Wabi-Sabi of The Sleeping Beauties

Wabi-Sabi of The Sleeping Beauties

In this body of work Kirsch offers a surprising, gentle, and completely unusual new way to look at abandoned automobiles from around the beautiful Coromandel Peninsula.

The artist recycles and transforms parts of the old rusty vehicles giving them new life. He manually screen prints photographic images of the wrecks together with words and other relevant elements directly onto the rusty metal from each individual car that is shown.

This work’s approach has a lot in common with Wabi-Sabi, a Japanese aesthetic and world-view valuing transience and impermanence. These qualities are generally lacking in our own western design aesthetic.

Kirsch’s perspective offers some of the richness available in these qualities. His work re-introduces them to our increasingly homogenised western environments, and touches on our spiritual aspect of being human.

We have a clean green image as a country, and a lot of old wrecks in this greenness. It is an environmental issue we only get away with because of the great ratio of land to people. While not loosing sight of this truth, Kirsch’s work goes on to discover the less obvious bounty of incredible beauty held in these rejected vehicles, and their amazing, out-of-context positioning.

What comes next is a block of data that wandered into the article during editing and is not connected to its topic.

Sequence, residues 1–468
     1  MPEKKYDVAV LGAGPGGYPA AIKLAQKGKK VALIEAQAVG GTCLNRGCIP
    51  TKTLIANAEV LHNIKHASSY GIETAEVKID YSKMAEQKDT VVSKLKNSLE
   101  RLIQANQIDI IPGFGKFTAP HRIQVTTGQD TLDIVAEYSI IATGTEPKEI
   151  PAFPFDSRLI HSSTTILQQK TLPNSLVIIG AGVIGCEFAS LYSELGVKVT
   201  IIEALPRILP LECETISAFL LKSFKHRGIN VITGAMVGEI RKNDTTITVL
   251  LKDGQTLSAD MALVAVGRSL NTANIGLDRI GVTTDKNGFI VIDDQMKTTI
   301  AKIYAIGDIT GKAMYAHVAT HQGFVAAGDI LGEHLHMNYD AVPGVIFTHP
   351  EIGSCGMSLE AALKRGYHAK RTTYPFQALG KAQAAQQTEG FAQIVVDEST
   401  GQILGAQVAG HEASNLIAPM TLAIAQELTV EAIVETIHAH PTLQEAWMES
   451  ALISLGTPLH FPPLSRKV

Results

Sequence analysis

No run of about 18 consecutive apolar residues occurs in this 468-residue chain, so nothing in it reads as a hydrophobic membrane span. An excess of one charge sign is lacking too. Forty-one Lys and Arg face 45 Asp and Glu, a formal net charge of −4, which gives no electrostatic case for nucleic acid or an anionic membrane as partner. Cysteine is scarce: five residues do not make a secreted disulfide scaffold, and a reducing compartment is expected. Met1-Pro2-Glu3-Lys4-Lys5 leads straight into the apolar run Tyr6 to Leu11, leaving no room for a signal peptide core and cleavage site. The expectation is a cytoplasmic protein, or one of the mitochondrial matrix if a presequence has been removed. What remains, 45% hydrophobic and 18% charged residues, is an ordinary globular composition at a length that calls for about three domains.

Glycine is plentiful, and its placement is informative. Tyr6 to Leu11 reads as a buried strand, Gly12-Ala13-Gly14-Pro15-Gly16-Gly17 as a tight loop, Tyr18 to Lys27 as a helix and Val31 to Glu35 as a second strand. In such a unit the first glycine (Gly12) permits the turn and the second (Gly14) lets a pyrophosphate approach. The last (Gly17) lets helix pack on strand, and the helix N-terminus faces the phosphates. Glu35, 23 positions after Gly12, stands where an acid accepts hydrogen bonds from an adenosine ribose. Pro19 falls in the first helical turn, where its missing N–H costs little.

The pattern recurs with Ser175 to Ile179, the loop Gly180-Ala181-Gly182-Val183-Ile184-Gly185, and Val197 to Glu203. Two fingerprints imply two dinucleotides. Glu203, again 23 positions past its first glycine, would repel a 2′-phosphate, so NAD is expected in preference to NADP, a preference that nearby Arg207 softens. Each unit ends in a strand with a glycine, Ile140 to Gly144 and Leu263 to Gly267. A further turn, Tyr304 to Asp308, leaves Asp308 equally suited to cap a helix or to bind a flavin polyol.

Though not intentional, Kirsch’s viewpoint could be attributed to Wabi-Sabi, a sophisticated, long-established Japanese aesthetic celebrating transience and impermanence. It contrasts the homogenised environments informed by our Western ‘Modernist’ aesthetic, which generally denies that everything is relative and transient. In a sense, we cannot hold on to anything for ever. Everything is in constant change and it is illusionary to assume we could ever control it.

This truth becomes apparent in many natural conditions, and especially with abandoned Western design objects that are introduced to a natural environment and no longer maintained. As we can still recognise the contrasting modernist approach, dissolution becomes very obvious in this context. Being able to see this truth touches on our spiritual aspect of being human, and among other things it is this quality which becomes apparent in Kirsch’s work.